Humanitaarisuuden varjossa : Poliittiset tekijät lastensiirroissa Ruotsiin sotiemme aikana ja niiden jälkeen

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http://urn.fi/URN:ISBN:978-952-10-6722-8
Title: Humanitaarisuuden varjossa : Poliittiset tekijät lastensiirroissa Ruotsiin sotiemme aikana ja niiden jälkeen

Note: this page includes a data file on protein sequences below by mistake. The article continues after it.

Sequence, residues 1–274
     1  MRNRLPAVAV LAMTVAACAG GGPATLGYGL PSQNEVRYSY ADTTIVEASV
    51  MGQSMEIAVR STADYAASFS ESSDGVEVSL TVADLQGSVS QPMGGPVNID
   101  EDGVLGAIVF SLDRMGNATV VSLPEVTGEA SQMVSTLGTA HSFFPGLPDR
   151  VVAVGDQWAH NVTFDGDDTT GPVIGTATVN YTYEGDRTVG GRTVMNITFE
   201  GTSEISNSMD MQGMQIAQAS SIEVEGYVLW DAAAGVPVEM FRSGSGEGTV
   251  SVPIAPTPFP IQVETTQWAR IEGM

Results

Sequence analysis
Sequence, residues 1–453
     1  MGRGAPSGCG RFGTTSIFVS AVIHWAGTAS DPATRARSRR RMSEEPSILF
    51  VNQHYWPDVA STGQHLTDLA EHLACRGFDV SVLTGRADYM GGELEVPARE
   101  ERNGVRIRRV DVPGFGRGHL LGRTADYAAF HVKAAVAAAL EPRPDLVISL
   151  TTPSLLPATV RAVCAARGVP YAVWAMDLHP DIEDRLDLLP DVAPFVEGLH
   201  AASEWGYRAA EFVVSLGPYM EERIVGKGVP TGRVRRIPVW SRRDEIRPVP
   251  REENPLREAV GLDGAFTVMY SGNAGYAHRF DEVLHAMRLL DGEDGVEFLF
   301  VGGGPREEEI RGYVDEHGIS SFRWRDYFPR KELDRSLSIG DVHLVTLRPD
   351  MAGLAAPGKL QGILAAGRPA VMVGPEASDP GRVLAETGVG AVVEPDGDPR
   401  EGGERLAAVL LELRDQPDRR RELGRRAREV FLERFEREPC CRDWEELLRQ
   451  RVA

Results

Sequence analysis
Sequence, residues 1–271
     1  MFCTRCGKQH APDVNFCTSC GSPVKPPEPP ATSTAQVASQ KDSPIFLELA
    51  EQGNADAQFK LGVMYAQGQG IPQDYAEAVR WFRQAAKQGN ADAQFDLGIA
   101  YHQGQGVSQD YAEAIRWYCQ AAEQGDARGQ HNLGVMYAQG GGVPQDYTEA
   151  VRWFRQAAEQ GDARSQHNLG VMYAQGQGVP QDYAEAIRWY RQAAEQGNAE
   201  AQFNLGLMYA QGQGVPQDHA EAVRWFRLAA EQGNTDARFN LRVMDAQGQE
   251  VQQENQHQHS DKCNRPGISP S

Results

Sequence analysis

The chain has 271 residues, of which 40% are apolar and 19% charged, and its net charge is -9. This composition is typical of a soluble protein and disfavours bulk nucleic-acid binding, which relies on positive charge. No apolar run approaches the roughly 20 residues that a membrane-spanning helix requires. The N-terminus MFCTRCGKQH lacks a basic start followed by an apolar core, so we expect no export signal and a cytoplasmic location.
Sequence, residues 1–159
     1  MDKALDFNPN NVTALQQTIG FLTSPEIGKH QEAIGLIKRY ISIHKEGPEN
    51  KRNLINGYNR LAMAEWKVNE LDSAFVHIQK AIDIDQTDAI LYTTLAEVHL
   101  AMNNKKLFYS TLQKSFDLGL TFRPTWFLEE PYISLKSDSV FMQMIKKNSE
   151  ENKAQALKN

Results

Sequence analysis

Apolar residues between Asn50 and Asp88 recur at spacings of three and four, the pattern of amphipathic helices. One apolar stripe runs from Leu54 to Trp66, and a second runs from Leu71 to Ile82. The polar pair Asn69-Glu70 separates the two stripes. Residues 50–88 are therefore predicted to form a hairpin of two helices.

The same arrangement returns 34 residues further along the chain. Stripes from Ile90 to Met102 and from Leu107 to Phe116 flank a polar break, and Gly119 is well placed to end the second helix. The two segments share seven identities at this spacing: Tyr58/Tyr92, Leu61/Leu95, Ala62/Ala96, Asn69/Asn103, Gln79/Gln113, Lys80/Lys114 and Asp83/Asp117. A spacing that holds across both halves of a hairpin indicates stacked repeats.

Author: Kavén, Pertti
Contributor: University of Helsinki, Faculty of Arts, Department of Philosophy, History, Culture and Art Studies
Publisher: Helsingin yliopisto
Date: 2010-12-18
URI: http://urn.fi/URN:ISBN:978-952-10-6722-8
http://hdl.handle.net/10138/23826
Thesis level: Doctoral dissertation (monograph)